Top news, December 3 – 9, 2018
- Authorities & Government
MarineEnergy.biz has compiled the top news from marine energy industry from December 3 – 9, 2018.
Scottish tidal technology developer Orbital Marine Power has signed an agreement to demonstrate its floating tidal technology at the Morlais Tidal Energy Project, in Anglesey, North West Wales.
The agreement with Menter Môn, the not for profit developers of the Morlais tidal project, sets out plans for a commercial scale tidal array of Orbital Marine‘s recently unveiled ‘O2’ 2MW tidal turbine.
Each 2MW unit planned for the array is capable of producing electricity equivalent to the demands of 1,500 typical UK homes, Orbital Marine said.
The Morlais project has secured a grid connection offer, and following completion of environmental assessments, a consent application is due to be submitted in mid-2019, the developers noted.
SIMEC Atlantis Energy has signed a grant agreement with the European Maritime and Fisheries Fund for €1 million in funding to support its tidal turbine development program.
The grant will enable SIMEC Atlantis and its supply chain partner Asturfeito to enhance the existing 6MW MeyGen project.
It will support the innovations specifically focused on the turbine upgrades needed to use the subsea hub and shared export cable, the project consortium said.
The wave energy plant from Crestwing, named Tordenskiold, has been anchored in place at Frederikshavn, marking the start of the prototype’s first offshore testing campaign.
On December 5, 2018, Crestwing pulled the anchor connection into the wave energy plant, securing the Tordenskiold to the seabed using its three-point anchoring system.
The aim of the planned two-year trial is to prove the plant’s anchorage and function at sea, and confirm the expected production of energy.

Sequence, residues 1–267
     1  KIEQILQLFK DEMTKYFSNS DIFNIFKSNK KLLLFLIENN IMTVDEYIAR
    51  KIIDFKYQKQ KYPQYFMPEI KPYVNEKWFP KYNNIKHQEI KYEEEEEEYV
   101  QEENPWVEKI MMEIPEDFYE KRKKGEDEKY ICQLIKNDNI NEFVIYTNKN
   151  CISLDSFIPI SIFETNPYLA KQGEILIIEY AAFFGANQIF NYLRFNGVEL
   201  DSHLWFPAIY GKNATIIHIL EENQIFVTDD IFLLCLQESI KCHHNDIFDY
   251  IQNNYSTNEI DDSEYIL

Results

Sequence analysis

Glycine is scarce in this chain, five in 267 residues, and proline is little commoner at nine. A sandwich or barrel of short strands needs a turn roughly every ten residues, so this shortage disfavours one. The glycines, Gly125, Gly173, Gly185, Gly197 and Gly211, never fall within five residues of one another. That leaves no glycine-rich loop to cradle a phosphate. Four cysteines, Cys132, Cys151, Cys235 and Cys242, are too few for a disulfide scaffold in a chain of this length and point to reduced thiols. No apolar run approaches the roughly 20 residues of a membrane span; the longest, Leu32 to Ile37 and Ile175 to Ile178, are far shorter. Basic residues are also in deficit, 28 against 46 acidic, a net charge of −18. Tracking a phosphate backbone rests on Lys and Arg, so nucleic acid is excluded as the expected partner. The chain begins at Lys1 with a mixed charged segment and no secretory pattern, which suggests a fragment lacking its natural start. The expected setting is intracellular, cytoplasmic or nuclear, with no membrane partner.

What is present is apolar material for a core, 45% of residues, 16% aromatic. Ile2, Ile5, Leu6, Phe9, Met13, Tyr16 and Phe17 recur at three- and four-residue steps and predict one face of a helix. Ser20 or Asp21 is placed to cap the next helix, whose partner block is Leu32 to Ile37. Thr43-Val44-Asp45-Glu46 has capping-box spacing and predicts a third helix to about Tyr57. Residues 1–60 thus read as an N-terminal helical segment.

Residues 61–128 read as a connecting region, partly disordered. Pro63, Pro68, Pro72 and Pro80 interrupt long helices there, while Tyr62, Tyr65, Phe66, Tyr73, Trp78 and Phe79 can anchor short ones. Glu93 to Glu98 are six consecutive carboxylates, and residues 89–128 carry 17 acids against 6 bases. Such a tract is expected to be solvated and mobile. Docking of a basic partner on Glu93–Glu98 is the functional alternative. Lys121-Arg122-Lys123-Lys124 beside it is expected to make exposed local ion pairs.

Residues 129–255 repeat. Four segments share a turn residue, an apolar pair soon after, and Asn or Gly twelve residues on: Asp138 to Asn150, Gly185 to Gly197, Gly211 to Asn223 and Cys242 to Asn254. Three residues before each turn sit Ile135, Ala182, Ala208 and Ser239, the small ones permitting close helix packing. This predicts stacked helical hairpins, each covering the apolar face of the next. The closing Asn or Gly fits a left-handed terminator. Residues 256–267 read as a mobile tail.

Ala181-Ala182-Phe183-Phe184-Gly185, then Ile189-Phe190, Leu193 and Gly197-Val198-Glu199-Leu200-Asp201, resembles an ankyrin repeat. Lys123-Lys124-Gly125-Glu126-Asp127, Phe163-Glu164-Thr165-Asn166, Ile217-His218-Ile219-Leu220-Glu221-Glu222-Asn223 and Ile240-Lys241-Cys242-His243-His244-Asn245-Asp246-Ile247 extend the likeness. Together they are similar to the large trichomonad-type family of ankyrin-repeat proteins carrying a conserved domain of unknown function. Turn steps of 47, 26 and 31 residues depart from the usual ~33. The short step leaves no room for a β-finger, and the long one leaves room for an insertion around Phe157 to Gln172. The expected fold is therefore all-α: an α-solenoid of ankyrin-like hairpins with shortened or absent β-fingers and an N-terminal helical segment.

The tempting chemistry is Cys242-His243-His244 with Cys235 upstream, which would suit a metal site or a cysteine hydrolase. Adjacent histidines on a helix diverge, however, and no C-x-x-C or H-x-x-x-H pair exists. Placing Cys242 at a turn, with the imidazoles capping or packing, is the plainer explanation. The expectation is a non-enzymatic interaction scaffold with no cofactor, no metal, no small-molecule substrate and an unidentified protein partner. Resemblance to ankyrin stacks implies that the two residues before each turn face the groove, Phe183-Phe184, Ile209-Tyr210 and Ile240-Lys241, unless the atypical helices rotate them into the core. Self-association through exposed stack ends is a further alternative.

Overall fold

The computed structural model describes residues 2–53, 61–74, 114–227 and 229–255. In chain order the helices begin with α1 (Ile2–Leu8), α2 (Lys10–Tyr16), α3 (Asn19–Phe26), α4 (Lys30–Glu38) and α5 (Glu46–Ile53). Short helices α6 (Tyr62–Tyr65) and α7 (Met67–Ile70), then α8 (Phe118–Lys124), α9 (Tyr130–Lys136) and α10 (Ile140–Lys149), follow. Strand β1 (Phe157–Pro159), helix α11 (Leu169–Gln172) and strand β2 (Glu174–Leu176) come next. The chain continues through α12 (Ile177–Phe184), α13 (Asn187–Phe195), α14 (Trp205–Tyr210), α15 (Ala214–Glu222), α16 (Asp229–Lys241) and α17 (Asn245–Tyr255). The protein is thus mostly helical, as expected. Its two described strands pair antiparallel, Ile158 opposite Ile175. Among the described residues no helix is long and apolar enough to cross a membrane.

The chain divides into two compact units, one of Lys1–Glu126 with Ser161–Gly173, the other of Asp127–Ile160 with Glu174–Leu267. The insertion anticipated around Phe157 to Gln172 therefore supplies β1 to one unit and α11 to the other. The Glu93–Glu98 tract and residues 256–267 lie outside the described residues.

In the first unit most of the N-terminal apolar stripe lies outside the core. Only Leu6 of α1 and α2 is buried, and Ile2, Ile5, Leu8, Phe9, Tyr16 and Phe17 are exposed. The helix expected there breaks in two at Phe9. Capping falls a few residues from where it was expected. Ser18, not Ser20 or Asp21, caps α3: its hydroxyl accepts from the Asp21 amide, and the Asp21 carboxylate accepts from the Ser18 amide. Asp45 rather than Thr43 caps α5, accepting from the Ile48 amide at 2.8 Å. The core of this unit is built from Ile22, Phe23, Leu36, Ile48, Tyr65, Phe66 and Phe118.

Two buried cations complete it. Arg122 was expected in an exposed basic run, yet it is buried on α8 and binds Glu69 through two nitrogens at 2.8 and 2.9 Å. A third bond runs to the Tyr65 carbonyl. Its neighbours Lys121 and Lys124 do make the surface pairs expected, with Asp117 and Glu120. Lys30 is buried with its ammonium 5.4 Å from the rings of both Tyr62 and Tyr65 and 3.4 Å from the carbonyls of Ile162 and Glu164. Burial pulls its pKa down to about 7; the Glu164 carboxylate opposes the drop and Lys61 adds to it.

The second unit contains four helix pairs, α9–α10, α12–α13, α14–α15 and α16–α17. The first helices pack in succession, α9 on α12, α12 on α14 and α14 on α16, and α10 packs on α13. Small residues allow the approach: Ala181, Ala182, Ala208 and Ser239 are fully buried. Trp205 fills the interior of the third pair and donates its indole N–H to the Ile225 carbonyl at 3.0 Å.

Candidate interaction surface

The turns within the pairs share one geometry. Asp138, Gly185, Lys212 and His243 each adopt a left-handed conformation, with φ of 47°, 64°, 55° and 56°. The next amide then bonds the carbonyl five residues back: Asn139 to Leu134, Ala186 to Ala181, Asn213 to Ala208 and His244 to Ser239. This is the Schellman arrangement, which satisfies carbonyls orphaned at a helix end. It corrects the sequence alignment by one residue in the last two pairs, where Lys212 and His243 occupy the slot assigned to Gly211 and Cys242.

Danish company Wavepiston has over the last two weeks conducted upgrades on its wave energy prototype operating in the North Sea, and signed another project that will see its technology demonstrated in combination with desalination scheme in the Mediterranean.
The prototype version of Wavepiston device at the DanWEC test site at Hanstholm has been refurbished with larger plates mounted on the device’s energy collectors, the company informed.
Testing on the device, comprised of a steel wire stretched between two anchored buoys, will continue over first half 2019, Wavepiston confirmed.
In addition, Wavepiston has in the beginning of December 2018 singed a contract for a €4.9 million project planned for the Italian island of Sardinia, the second-largest island in the Mediterranean Sea. The project comprises an installation of a system that will both produce clean energy and fresh water from sea, according to Wavepiston.
A marine license for the installation of a wave energy array consisting of three Wello’s Penguin devices has been granted for a project in Scotland, just as the optimized, newly-built, Penguin wave energy converter hit the waters in Estonia.
The second Penguin wave energy converter (WEC-2) is due to be towed to the European Marine Energy Centre (EMEC) in Orkney, Scotland, where it will be deployed alongside the Finnish developer’s original Penguin device.
The development follows the approval of a marine license, granted in November 2018, for the installation, operation and decommissioning of the three-WEC array and the subsea hub, the testing center informed.